“The other thing is what Saudi Arabia did. This is the third time Saudi Arabia has made a sudden change in policy in less than a year, and this one was to announce (the) 1 million barrel a day cut — partly because they are worried about the impact of the surge in virus that’s occurring,” he said.

Also, the stimulus being injected into the United States economy could spur huge Shale production and disrupt OPEC and allies’ efforts at balancing the global oil market in 2021.

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Crude Oil

Crude Oil Pulled Back Despite Joe Biden Stimulus

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Oil 1

Crude Oil Pulled Back Despite Joe Biden Stimulus

Crude oil pulled back on Friday despite the $1.9 trillion stimulus package announced by U.S President-elect, Joe Biden.

Brent crude oil, against which Nigeria’s oil is priced, pulled back from $57.38 per barrel on Wednesday to $55.52 per barrel on Friday in spite of the huge stimulus package announced on Thursday.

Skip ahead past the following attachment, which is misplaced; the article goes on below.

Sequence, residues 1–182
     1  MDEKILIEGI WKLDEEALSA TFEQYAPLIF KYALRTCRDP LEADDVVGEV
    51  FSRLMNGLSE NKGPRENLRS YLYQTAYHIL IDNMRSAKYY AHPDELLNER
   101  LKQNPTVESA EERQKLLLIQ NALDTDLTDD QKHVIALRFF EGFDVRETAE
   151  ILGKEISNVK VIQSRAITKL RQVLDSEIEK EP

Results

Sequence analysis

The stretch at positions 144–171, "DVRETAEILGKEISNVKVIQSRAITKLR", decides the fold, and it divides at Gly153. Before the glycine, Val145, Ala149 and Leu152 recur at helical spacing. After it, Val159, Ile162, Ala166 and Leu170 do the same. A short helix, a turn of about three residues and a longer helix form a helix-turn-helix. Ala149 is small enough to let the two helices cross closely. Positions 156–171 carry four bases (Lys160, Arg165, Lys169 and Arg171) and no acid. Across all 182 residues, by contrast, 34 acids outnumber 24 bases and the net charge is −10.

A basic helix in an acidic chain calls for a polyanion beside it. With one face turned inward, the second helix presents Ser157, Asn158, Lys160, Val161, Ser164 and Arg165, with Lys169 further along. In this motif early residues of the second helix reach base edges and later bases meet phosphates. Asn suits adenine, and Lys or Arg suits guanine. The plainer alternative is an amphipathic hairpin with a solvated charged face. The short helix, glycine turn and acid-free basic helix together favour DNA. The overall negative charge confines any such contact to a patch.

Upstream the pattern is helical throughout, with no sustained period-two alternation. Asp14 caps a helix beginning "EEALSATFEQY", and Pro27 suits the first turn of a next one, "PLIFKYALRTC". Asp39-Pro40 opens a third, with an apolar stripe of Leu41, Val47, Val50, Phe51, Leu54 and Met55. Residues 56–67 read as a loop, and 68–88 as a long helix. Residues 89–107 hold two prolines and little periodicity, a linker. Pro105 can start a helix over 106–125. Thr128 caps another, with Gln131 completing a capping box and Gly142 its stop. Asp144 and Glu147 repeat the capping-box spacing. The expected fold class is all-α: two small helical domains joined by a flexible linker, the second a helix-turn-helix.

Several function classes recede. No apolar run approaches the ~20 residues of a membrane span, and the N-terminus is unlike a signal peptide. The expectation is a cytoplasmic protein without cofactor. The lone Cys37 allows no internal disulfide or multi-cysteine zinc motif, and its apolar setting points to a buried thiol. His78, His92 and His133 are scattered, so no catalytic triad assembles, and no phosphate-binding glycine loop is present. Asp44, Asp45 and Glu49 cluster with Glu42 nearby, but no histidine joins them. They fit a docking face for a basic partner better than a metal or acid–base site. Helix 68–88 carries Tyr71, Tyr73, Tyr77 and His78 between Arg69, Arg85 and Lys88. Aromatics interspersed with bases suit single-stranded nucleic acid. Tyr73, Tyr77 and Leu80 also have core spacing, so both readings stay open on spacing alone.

On Thursday, OPEC, in its latest outlook for the year, said uncertainties remain high in 2021 with the number of COVID-19 new cases on the rise.

OPEC said, “Uncertainties remain high going forward with the main downside risks being issues related to COVID-19 containment measures and the impact of the pandemic on consumer behavior.”

“These will also include how many countries are adapting lockdown measures, and for how long. At the same time, quicker vaccination plans and a recovery in consumer confidence provide some upside optimism.”

Governments across Europe have announced tighter and longer coronavirus lockdowns, with vaccinations not expected to have a significant impact for the next few months.

The complex remains in pause mode, a development that should not be surprising given the magnitude of the oil price gains that have been developing for some 2-1/2 months,” Jim Ritterbusch, president of Ritterbusch and Associates, said.

Still, OPEC left its crude oil projections unchanged for the year. The oil cartel expected global oil demand to increase by 5.9 million barrels per day year on year to an average of 95.9 million per day in 2020.

But also OPEC expects a recent rally and stimulus to boost U.S. Shale crude oil production in the year, a projection Investors King experts expect to hurt OPEC strategy in 2021.